University officials are worried about government funding for scientific research

From left, people form the National Science Foundation, LIGO Scientific Collaboration, and Laser Interferometer Gravitational-Wave Observatory, participate in a news conference at the National Press Club in Washington, Feb. 11, 2016. CREDIT: AP/Andrew Harnik

A dozen vice presidents for research at public universities known for their research missions will visit lawmakers this week to ask for more funding, but some university officials are worried that politics will play a greater role in decisions about which research to fund, Politico Pro reported.

Every February, the Association of Public and Land-Grant Universities’ Council on Research Executive Committee meets for this purpose, but this year is different. Republican lawmakers have signaled they would like more oversight over how money is spent at the National Science Foundation, and some officials are worried that Trump administration policies will affect research more than previous administrations.

“It’s no secret that faculty are a little antsy,” Kalliat Valsaraj, vice president for research and economic development at Louisiana State University, told Politico Pro.

The Trump administration has already made many decisions that put its judgment about what is politically and financially appropriate into question. Trump has kept ties to his business, involves family in official meetings with foreign leaders, has tapped people for cabinet positions with little to no relevant experience, and has an inner circle of advisers who do not appear to know or care what their ethical obligations are. For that reason, it’s difficult to predict what approach Trump would take to funding research at public universities — whether that means advocating for less funding or attempting to use research to benefit his business interests or those of his friends.

Trump is also known for retaliating against those who speak out against his policies, and the Association of Public and Land-Grant Universities already spoke out against the Muslim ban. APLU said it was “deeply concerned,” about the policy and released a statement released on January 28 which read:

Our nation’s universities are enriched and strengthened by the talent, insight, and culture that international students, faculty, researchers, and staff bring. With appropriate and effective vetting, international students from all countries and of all religions have long been a core part of our campus communities and that should continue uninterrupted. We are also concerned that this decision adds great uncertainty to international students, researchers, and others who might consider coming to our campuses.

The Association of Catholic Colleges and Association of American Universities also spoke out against the ban.

University research officials are also worried about the politicization of the National Science Foundation after reading statements like those of Rep. Lamar Smith (R-TX), chair of the House Science Committee, who wrote on Wednesday that the NSF has funded “frivolous” and “wasteful” projects. Smith said that NSF needs oversight and “must focus research funding on areas most likely to strengthen the economy, national security and other national priorities” and questioned whether some of NSF’s projects are “in the national interest.”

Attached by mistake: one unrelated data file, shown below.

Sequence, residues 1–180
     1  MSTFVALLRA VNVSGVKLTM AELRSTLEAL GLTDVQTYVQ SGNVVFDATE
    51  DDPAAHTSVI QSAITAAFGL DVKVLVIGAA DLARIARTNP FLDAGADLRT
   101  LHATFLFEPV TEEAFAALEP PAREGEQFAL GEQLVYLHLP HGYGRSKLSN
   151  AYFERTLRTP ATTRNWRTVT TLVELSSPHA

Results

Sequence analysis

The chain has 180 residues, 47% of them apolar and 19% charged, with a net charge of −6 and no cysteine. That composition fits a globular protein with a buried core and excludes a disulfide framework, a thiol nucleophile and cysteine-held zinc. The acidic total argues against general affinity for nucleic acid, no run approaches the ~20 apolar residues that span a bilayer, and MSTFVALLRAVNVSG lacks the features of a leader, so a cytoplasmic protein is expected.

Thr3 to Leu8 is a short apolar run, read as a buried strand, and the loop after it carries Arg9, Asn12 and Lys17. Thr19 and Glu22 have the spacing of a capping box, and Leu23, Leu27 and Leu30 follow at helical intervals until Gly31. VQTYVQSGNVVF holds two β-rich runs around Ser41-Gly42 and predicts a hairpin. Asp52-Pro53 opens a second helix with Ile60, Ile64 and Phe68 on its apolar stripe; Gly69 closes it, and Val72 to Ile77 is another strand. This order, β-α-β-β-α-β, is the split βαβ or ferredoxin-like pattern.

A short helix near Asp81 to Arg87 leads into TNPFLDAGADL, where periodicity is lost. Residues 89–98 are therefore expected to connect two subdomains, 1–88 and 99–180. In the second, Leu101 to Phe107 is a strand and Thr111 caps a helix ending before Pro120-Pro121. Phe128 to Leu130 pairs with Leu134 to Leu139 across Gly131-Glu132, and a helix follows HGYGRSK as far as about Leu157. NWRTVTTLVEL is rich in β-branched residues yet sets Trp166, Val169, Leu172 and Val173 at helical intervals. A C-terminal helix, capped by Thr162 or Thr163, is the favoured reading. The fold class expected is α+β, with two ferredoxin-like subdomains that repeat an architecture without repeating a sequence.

David Conover, vice president for research and innovation at the University of Oregon, told Politico Pro that Smith’s statement begs the question, “How do we decide what’s in the national interest? And who should make those decisions? … If it’s politics that are making those decisions — for instance, certain kinds of science that might not align with the politics of a particular administration — that could a very dangerous direction.”

Researchers like Marc Edwards, a professor of environmental engineering at Virginia Tech, argue that strong investment in research allows for more partnerships with communities. Edwards and other Virginia Tech researchers’ investigation of water contamination in Flint, Michigan, and the press attention it attracted, pushed the government to act more quickly. Although state officials informed the Environmental Protection Agency (EPA) before Virginia Tech researchers examined the water, it did not act in a timely fashion. This kind of work — partnering with the public to address a health crisis — is not facilitated by more government control over what research is funded, but less, Edwards said. As government funding for scientific research falls, researchers feel pressured to cater their proposals to what they think will secure funding.

The Trump administration promised to release a budget in March. Congressional cuts to scientific research between 2010 and 2013 represented the largest decrease in three-year spending in 40 years, and spending on research and development has been falling since the 1970s. Unsolicited research used to be far more common, Edwards told ThinkProgress in an interview last year, but now that researchers tie their proposals so closely to what the government is looking for, there are fewer opportunities for innovation and protecting public health.